For those who like to find their
own way rather than join a class to learn something this book is great for
learning about the nuances of MS Office 2003. The Visually series make excellent
use of screen grabs scattered liberally through the text. This makes it
easy to translate what you are reading to what you will see on the screen.
This is a very easy to follow book
that leads you step by step from Office Basics and I mean basic. It really
is for raw beginners but even reasonably experienced users will gain something
from it with the wide range of topics including some that many of us never
really think about as I discovered.
In the first chapter it covers navigating
the work area including Task Panes, Menus, Toolbars and even looks at adding
and removing components.
Next chapter looks at Working With Files which covers Cut and Paste and
even looks at Embedded Data and OLE plus Passwords, spelling out each step
along the way. I am sure many of us never even think about Embedded data
and how to use it but there it is and it can be a useful tool.
Moving on, text and formatting in
Word is next and includes AutoText, a very useful tool, and Templates. All
the tricks in formatting are dealt with in some detail again in a step by
step procedure that is easy to follow. Tables and extra touches such as
columns, borders, footnotes, drop caps and watermarks are next.
Chapter 8 deals with Spreadsheets
even looking at the Tab colour on Worksheets and spends some time on creating
and working with formulae and really gives a fairly comprehensive coverage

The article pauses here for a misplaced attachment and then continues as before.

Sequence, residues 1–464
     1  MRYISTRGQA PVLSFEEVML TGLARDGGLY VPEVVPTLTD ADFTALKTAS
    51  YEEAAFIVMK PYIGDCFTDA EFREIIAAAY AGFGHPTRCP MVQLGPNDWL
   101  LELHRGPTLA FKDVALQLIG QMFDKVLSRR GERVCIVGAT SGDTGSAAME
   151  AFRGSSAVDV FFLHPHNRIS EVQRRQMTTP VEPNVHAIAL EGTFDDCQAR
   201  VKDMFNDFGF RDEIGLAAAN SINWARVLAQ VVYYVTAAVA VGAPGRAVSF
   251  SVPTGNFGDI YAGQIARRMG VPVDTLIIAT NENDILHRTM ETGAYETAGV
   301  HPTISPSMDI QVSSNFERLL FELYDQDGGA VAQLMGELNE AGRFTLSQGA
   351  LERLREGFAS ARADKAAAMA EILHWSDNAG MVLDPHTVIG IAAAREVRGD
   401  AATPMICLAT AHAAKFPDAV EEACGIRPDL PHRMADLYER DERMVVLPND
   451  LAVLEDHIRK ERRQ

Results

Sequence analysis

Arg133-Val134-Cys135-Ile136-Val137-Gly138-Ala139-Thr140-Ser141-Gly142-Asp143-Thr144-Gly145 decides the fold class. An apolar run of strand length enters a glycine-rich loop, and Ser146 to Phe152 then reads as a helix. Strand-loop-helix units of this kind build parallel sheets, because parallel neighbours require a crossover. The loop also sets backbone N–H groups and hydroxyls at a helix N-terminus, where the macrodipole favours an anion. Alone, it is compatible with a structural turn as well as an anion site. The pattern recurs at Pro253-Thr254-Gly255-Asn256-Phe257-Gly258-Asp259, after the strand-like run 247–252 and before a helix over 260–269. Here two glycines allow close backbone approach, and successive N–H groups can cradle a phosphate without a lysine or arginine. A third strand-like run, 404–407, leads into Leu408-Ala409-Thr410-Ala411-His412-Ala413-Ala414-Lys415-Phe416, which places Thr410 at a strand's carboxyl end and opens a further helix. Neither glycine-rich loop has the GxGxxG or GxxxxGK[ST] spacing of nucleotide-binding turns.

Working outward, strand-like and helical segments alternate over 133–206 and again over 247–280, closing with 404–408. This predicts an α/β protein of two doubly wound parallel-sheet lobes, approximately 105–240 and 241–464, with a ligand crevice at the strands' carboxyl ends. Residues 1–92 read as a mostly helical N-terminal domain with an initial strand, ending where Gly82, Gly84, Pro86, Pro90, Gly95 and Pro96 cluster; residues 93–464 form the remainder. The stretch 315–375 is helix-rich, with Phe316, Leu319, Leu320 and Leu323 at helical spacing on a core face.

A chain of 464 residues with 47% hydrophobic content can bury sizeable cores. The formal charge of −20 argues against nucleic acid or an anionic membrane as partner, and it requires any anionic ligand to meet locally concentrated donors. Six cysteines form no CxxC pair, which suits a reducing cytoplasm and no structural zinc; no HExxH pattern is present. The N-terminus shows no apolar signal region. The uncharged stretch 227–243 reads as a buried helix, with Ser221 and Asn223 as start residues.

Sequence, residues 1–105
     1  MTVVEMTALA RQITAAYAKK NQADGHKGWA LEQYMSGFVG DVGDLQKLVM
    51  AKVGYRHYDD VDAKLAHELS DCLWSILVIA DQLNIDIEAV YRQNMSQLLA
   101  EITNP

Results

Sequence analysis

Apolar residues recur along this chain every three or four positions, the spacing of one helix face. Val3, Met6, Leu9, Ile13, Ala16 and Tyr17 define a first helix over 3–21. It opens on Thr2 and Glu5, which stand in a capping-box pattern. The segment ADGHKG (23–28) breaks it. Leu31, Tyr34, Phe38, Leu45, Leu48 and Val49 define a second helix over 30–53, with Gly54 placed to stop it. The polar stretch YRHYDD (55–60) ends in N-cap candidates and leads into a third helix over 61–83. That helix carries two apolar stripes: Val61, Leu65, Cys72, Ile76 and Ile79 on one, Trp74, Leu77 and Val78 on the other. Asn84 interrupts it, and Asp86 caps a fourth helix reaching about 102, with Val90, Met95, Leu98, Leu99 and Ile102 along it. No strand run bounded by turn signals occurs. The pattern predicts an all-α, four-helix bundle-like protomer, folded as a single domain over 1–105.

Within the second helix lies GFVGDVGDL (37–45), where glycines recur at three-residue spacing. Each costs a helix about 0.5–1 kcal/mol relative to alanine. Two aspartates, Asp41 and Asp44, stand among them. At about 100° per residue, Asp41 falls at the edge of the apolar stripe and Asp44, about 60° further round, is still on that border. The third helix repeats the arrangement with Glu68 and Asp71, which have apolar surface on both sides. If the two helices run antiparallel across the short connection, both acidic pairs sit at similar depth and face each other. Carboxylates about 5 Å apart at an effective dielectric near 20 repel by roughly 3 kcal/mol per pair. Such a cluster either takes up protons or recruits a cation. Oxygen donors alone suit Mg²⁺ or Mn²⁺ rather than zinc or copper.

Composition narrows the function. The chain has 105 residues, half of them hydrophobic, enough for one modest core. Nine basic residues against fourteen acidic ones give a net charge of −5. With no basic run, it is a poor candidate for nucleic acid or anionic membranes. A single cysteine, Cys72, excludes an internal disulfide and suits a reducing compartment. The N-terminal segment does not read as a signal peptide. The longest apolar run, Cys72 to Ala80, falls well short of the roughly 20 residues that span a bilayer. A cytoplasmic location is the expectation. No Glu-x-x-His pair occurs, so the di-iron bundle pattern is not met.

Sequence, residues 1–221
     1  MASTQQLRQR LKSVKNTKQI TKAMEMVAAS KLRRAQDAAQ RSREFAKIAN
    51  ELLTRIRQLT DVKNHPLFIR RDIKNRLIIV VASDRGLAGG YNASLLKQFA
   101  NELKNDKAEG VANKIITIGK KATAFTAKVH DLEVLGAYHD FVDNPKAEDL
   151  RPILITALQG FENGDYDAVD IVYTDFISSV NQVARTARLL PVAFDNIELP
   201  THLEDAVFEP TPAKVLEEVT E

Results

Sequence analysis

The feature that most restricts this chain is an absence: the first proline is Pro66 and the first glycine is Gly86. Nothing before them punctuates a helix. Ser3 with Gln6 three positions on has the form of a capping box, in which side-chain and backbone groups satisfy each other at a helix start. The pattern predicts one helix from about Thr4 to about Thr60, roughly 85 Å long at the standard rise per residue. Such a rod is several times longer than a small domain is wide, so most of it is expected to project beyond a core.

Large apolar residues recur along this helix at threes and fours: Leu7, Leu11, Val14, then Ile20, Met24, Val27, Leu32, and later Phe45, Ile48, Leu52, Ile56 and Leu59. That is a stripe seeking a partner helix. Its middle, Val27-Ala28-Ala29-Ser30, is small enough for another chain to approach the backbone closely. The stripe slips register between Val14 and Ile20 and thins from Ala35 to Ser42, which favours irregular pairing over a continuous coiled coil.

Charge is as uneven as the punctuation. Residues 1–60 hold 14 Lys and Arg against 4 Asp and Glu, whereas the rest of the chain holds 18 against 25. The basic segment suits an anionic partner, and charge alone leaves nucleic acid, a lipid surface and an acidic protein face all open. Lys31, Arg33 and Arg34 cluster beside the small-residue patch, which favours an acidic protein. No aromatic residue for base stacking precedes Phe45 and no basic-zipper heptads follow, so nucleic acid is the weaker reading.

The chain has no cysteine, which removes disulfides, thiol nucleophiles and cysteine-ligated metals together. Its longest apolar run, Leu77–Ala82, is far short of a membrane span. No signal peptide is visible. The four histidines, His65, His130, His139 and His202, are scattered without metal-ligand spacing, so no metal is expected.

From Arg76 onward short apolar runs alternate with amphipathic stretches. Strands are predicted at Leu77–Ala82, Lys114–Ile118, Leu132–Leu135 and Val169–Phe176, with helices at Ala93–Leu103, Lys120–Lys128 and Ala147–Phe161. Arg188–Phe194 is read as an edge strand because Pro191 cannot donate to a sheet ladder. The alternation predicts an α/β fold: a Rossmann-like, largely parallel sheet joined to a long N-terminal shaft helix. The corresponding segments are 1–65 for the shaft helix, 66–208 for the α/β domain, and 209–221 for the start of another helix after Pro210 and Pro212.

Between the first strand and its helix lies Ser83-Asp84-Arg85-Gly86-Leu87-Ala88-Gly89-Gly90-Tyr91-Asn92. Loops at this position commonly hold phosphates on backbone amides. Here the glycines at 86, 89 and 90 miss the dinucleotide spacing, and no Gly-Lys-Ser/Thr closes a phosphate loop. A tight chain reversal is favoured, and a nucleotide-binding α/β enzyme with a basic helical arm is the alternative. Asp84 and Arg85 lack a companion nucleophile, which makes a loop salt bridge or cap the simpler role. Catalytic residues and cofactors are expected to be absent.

how to apply them and set up your spreadsheet.
Next comes the world of Charts creating them using the Chart Wizard and
ends up showing you how to create some very presentable productions.
Presentations using Powerpoint are
covered in quite a bit of detail in 50+ pages. It is amazing just how much
detail is covered in pages that are at least 50% screen grabs. You are shown
how to create slides and add media such as Video and sound and animation
to dress up your presentation and make it more interesting. It also covers
burning your presentation to CD.
Databases are next with Access, with a brief introduction to set the scene
followed by in detail instructions for creating a new database and maintaining
or editing it. This is followed with a look at Outlook. I have never been
a fan of Outlook preferring to use Outlook Express for my Email but Outlook
does offer extra features such as a diary and appointments reminder that
could be useful if the old memory is starting to slip a bit like mine.
Publisher is next taking an extensive
look at the how to create a blank publication and the use of the templates
provided and how to personalise them for maximum effect. Nothing is missed
and by working through page by page you will have no trouble creating some
very presentable publications.
Last but not least creating a HTML
file from Office documents is covered, rather briefly, but it rounds out
what Office has to offer. I highly recommend this book to beginners and
suggest that even some old hands may learn a few new tricks from this book
from John Wiley Publishing.
Good value at $ 46.95.